Repost: Let’s Talk…about my anxiety issues

January 28 is Bell’s Let’s Talk day, where the company will donate 5¢ to mental health initiatives for every text, phone call, tweet containing #BellLetsTalk, or a share of the image on Facebook. I wrote entertainment, parenting, and opinion pieces for various Bell Media online sites for several years, and took the opportunity and position to write about my own struggles with anxiety several times. Each piece I wrote received an overwhelming response from Sloan fans and readers in general, so I am reposting one that originally appeared on February 11, 2013.

 

LET’S TALK…ABOUT MY ANXIETY ISSUES

 

Sloan Let's Talk 2013

I play guitar and sing in the band Sloan. We have been making music and touring for 22 years. That means that I have been getting on stages around the world for my entire adult life. You would think it would be old hat by now, but in the last few years I have had a recurrence of panic attacks, like stage fright, where I have had to deal with an uneasiness, or fear, before going on stage.

I can’t explain why it started happening. One show, several years ago, triggered this fear of being in front of people, and I haven’t been able to shake it since. It’s not every show, and often it dissipates after a few songs, but it’s there almost every day. Even when I’m not playing shows. At almost any event where I feel I actually have to be there, or leaving would let someone down, I get anxious, dizzy, slightly disoriented. It’s a fear of not being able to control what I’m doing, or where I am, that somehow has become this big, mental deal for me.

And it’s not like anyone is forcing me to do anything. I get all the support one could hope to have from my bandmates and loved ones. No one would begrudge me leaving the stage, or just not going on. It has been made clear to me many times that, should I need to walk off stage, the rest of Sloan have it covered. Of course, I don’t ever want to do that. Inside, it would feel like I had walked out of my own life, that leaving the stage would mean that the fear had won. But I’ve come close many times.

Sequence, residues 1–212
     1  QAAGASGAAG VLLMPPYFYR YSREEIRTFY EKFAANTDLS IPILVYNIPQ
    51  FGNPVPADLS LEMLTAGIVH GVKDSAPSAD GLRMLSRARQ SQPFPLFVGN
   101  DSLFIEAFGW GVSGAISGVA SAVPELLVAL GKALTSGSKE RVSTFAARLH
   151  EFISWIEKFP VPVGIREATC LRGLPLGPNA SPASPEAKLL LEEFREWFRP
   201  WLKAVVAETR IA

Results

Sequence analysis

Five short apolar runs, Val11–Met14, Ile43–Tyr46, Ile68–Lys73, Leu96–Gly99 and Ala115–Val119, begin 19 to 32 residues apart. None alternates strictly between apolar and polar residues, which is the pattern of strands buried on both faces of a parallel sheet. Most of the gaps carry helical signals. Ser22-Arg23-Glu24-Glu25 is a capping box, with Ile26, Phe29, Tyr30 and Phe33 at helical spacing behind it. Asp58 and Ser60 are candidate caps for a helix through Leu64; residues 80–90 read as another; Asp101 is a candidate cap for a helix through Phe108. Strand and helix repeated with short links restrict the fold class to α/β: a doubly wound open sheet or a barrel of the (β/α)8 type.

If you have seen Sloan during the last year or so, you may have noticed a chair in front of my amps. That is one of my “touch stones” that I have to have to feel better. I rarely use the chair, but it’s there in case I get dizzy or feel like I’m going to pass out. There is often a garbage can behind my amps, should my nausea and gagging get the best of me. So far I’ve never had to use it. I also have a fan beside my mic stand. If I don’t have the fan blowing at me from a certain angle, it feels like I might fall over. It’s like the fan, with it’s weak flow of air, is holding me up.

As a rational human being I know this sounds completely stupid, but as an anxiety sufferer, it makes all the sense in the world. Likewise, I need to be able to see an “Exit” sign at the back of the room, behind the crowd. For some reason those calm me. I’m not sure if it’s a symbolic representation of being able to leave an uncomfortable situation, or just that a glowing red thing is comforting, but I search for them as soon as we hit the first chord.

I enjoy what I do for a living, both playing music and writing about music. It sucks to have to deal with this problem; it taints what I love doing. I have suffered from this in the past, and it has suddenly just gone away. I don’t know why it comes or why it goes.